Puglia is a fantastic place to take day trips and city hop. Based on our travels, here are five cities that I would recommend adding to your itinerary. In addition to this list, Matera, Gallipoli, Polignano a Mare, and Otranto are also great towns for families (we just didn’t get to them this time!).


Several boats float in the water of the old port in Monopoli.

As previously mentioned, Monopoli was our home base and we spent most of our time here. We absolutely adored this lovely city due to its walkability, large piazza, nearby beaches, and fresh seafood! I’ve already mentioned a few beaches to go to, but there are a number of other things to do in Monopoli with kids too! We even found three great playgrounds throughout the city.

When you’re ready to explore, take a walk along Lungomare Porto for views of the sea. Then meander through the old town and grab a gelato from Mokka che Mukka or Gasperini. Kids will adore playing in Piazza Vittorio Emanuele II and riding on the two on-site rides. There is even a train departing from this piazza that will take you on a 30-minute ride through the old city (morning trains are more likely to have English tours). Older kids and teens will appreciate visiting Cattedrale Maria Santissima della Madia and Chiesa Rettoria Santa Maria del Suffragio - del Purgatorio to learn about traditional architecture and local history. For dinner, grab a bite to eat at Lo Squalo, Il Guazzetto, or Trattoria Il Brigante. If you have a hankering for pizza, try Crudo alla Barese.


A mom and her daughter stand on a city terrace looking out onto the trulli of Alberobello.

Alberobello is one of the dreamiest cities in Italy. Not to mention, one of the most iconic cities in Puglia. Alberobello’s world-renowned trulli (singular “trullo”) have put the city on the map and made it a UNESCO World Heritage City. Historically, these enchanting homes were made from drywall stone and had ​​pyramidal or conical rooftops.

One of the best ways to explore this charming city is with no plan at all, but if you are looking for some ideas, I recommend starting by touring the small museum in Trullo Sovrano. If you want to see some historic churches, Sant’Antonio Church and Basilica dei Santi Cosma e Damiano are both lovely options. Then, from Belvedere Santa Lucia (a city terrace), you can take in one of the best views of the city. While wandering the historic city center be sure to look for the unique trulli like Trullo Sovrano, the smallest trullo of Alberobello, and Trullo Siamese. When you’re ready to eat, head to Terra Madre Alberobello, where you can have a divine farm-to-fork meal.


A mom and her daughter lead over a stone wall to look at an ancient structure in Lecce.

Known for its baroque architecture, Lecce is a wonderful city in Puglia for those looking to experience and learn about local history. Not to mention visit some of the best churches in the region.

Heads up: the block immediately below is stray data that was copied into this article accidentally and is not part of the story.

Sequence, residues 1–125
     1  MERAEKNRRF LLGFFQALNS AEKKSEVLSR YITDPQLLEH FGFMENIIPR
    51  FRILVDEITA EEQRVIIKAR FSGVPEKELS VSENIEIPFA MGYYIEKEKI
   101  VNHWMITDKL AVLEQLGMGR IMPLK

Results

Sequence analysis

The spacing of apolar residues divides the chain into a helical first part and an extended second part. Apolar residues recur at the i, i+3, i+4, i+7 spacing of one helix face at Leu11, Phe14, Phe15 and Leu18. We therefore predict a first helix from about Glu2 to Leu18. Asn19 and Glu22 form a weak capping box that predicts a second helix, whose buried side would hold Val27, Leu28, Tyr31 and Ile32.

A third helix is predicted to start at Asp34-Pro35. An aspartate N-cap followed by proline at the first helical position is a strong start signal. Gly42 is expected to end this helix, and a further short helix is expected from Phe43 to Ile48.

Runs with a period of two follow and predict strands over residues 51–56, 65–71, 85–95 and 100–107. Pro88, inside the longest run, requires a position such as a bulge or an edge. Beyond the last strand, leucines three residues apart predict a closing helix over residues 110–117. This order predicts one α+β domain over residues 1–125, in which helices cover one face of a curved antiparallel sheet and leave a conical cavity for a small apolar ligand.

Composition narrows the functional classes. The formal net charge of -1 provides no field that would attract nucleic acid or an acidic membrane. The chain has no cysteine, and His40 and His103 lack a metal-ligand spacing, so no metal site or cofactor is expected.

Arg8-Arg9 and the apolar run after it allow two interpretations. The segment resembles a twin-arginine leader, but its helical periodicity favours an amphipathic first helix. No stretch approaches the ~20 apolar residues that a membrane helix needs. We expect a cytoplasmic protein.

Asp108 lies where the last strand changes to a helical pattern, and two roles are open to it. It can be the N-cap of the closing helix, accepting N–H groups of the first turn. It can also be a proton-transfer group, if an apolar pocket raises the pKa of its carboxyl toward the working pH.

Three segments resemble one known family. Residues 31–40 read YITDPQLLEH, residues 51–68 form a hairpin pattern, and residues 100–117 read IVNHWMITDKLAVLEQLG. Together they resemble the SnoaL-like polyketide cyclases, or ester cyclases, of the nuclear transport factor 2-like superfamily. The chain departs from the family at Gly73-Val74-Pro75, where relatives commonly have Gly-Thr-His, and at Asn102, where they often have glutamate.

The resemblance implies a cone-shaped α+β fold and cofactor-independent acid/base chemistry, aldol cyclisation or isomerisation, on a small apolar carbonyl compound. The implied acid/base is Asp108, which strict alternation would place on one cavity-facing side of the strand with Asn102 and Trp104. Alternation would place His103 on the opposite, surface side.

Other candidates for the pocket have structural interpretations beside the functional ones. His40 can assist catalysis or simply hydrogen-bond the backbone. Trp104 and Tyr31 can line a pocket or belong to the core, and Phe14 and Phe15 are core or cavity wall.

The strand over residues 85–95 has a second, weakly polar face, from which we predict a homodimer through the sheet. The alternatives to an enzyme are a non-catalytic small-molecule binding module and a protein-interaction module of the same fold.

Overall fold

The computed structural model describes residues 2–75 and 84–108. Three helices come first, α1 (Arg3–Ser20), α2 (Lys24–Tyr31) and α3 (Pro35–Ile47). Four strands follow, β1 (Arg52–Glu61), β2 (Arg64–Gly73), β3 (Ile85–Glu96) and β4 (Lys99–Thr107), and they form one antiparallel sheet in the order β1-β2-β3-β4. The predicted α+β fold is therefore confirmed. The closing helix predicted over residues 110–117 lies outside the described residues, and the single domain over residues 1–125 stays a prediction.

Upon arrival, walk through the impressive Porta Napoli. This stunning arch truly sets the tone for Lecce Centro Storico. In the morning, head to Caffè Alvino for a Caffè Leccese, a typical drink in this city, and a bite to eat. From here, you can marvel at the nearby Roman Amphitheater. Afterward, you can even take a guided tour to learn about this beautifully preserved amphitheater. Then, be sure to check out Piazza del Duomo and one of the many churches in Lecce. The city tourism office even offers bundled tickets for those hoping to tour each of the churches, including Basilica di Santa Croce, Chiesa di Santa Chiara, and Lecce Cathedral. When you get hungry, head to La Vecchia Osteria da Totu (try the traditional orecchiette and polpette fritte).


A mother and daughter sit together on white-washed steps in Ostuni, with large green planters lining the steps.

Nicknamed “la città bianca” (the white city), Ostuni sits atop a hill surrounded by lush green olive trees. This balance of green and white is truly stunning! Families will adore meandering through streets of white-washed buildings and taking in the gorgeous views of the surrounding area. You can even see the sea from the walls of the city’s Centro Storico (old town).

When you’re ready to explore, start with a walking tour or a tuk tuk tour. Young kids will love zooming around by tuk tuk and learning about local history and culture. Be sure to grab a gelato from Caffé Ayroldi before you embark on your walk around the city. Afterward, make your way to Cattedrale Santa Maria Assunta, where you can admire its beautiful architecture, as well as the adjacent ​​Arco di Scoppa. Families with older kids and teens can also find a cooking class to take while in Ostuni to learn how to make a local dish! When you’re ready to eat, enjoy a lovely meal with views of Chiesa di San Francesco d’Assisi at Caffè Garibaldi.